View Full Version : what you need when you need it - who's saying this?

2009-Dec-18, 01:29 AM
Sometimes when the attempt to get to bautforum.com or some other website fails for some reason, I am redirected to a page that says something like:

what you need when you need it

It has some modest advertising on it. What is sending me to this place? I changed my primary DNS server to Google's and this still happens.

2009-Dec-18, 01:46 AM
I couldn't say myself, but I just wanted to comment that that doesn't really sound like a useful advertisement, does it?

2009-Dec-18, 02:13 AM
Sounds like some default "catch all" page from a provider.

Maybe your local DNS-server gets a case of the hiccups occasionally and doesn't connect you properly to bautforum.com. You then get an unregistered page and the provider gives you their "you could have this" page.

Or: dunno.

2009-Dec-18, 04:47 PM
Check your computer for ad-ware's.

2009-Dec-18, 05:23 PM
Check your computer for ad-ware's.

I agree, sounds to me like you have a little bug. I have had similar in the past and its soon been sorted with a scan by my anti-virus and ad-ware security programs. :)

2009-Dec-18, 06:23 PM
You have a bot in your computer that is causing re-directs. Lucky for you it's not 'pron' sites. I would suggest running Malwarebytes Anti-Malware. It's free and it scans your entire computer instead of just the most accessed areas.

2009-Dec-25, 10:16 PM
I've investigated this unwanted redirection further on a linux forum in the thread:

There is no definitive answer yet.

I don't think the redirection is caused by malware since I have at least 4 different computers with different operating systems on them and the redirection happens on all of them. What's common is Qwest DSL service and my non-Qwest ISP provider

I don't think it is caused by the configuration of the Firefox browser because of the above and because it also happens when I use the command line "wget" to retrieve web pages.

I don't think it is the DNS server address since I have tried various servers including Googles , My ISP's server and the modem address (which probably gives me a Qwest DNS server).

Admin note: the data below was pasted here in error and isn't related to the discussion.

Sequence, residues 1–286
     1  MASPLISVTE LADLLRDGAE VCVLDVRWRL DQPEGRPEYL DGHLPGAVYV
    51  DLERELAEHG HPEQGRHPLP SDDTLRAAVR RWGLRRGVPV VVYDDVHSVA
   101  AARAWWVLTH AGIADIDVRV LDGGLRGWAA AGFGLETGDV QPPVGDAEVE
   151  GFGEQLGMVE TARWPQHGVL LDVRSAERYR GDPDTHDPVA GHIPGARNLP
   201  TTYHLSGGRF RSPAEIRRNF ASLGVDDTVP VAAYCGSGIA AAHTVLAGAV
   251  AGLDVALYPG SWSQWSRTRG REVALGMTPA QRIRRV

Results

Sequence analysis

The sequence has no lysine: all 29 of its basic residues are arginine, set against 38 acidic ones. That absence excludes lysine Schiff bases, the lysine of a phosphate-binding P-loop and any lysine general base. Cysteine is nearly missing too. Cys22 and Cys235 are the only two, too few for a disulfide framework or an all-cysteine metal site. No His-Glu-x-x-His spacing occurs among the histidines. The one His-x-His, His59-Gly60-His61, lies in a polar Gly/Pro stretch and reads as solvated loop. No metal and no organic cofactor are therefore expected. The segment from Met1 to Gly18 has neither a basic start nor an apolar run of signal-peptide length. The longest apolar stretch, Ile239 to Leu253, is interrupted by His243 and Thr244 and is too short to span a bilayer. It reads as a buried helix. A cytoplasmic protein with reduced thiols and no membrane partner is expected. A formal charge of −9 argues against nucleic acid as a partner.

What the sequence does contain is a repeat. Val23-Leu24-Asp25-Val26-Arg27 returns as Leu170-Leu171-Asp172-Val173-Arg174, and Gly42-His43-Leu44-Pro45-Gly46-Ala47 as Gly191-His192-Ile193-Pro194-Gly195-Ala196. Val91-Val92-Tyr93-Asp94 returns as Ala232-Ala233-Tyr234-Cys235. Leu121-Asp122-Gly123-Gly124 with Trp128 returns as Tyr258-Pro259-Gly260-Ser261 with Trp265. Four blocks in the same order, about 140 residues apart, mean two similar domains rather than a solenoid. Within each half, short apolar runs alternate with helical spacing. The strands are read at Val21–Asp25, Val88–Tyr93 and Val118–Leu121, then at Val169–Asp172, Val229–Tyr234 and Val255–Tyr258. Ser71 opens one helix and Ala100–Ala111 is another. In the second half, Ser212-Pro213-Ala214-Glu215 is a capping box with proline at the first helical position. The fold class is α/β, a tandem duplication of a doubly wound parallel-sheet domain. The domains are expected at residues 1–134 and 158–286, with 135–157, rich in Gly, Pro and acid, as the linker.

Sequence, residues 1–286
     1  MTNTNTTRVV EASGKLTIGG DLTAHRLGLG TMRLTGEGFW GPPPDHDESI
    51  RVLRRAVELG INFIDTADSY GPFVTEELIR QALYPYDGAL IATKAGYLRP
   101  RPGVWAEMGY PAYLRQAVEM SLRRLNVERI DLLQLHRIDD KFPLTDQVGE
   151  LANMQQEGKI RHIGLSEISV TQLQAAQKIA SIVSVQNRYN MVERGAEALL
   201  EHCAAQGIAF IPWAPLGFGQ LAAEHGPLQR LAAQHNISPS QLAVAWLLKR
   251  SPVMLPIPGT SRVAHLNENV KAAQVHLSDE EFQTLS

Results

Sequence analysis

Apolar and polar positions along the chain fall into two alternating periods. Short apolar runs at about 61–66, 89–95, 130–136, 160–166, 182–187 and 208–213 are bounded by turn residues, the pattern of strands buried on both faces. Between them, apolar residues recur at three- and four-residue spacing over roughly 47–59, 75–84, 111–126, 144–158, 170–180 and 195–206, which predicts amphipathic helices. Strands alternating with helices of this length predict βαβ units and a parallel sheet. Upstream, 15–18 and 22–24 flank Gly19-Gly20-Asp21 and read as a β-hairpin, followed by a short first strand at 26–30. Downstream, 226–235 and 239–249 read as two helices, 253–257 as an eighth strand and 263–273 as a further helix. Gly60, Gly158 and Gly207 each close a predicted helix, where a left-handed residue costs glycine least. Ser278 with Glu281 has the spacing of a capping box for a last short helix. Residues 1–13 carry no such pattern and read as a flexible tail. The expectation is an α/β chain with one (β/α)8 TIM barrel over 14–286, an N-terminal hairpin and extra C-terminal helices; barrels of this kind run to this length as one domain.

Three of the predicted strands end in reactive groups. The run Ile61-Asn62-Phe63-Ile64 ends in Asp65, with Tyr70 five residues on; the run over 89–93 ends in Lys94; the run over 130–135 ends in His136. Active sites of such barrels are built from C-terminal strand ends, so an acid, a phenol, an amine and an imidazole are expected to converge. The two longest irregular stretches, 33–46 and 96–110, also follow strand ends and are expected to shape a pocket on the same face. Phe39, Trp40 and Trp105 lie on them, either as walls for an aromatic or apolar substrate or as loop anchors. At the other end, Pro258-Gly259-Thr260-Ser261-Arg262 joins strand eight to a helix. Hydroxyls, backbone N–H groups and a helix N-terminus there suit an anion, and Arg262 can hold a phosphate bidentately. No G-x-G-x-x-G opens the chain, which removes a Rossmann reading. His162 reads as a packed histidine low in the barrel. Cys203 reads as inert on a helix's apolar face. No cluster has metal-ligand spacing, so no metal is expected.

So it might be some intervention by Qwest or the ISP in the DNS process. Or it might have to do with some tcp/ip option that I don't understand yet.

2009-Dec-26, 12:52 AM
It is technically possible for your isp to have firewall rules that put all dns traffic through their own servers regardless of which one you define, which can put any traffic anywhere they like to send you.

There was a case a while ago with an isp who put all traffic to Google through their own servers and replaced the advertisements with some where they got kickbacks for showing them.

Jeff Root
2009-Dec-26, 05:23 AM

It looks to me like the line "What you need when you need it" is supposed to
immediately follow the name of whoever is advertising, not the location that
you were trying to reach. So either you missed noticing or don't remember
seeing the name of the advertiser, or your browser is failing to display that
name for some reason. It might be intended to be displyed by a script that
you don't permit to be run, or the like.

-- Jeff, in Minneapolis

2010-Jan-01, 05:31 AM
The solution to the redirection problem has to do with how the browser makes a DNS lookup request for a URL. Certain command line commands such as ping, wget and tracetroute use the same procedure as the browser.

For example, if you do

ping fedoraf.org

The first DNS request looks up "fedoraf.org". If that is not found then the local domain name is appended and the request is made with this new name.

It happened that I named my local domain "myhouse.org" when I installed Fedora Core 11. (This is kept in /etc/sysconfig/network at the line HOSTNAME=autry.myhouse.org)

So ping (and the browser) are looking for "fedoraf.org.myhouse.org".

They find the advertising pages. I suppose this is because the "searchportal" advertiser owns the myhouse.org domain. The name "myhouse.org" is often used in documentation to illustrate an arbitrary name. In Linux, names with "foo" in them are also. I wonder if the advertisers bought those domains also?

I suppose the lesson is to pick a name for your local network that is not used in the wider world.

2010-Jan-02, 07:26 AM
I suppose the lesson is to pick a name for your local network that is not used in the wider world.
Or use a name that you actually own or at least have some control over.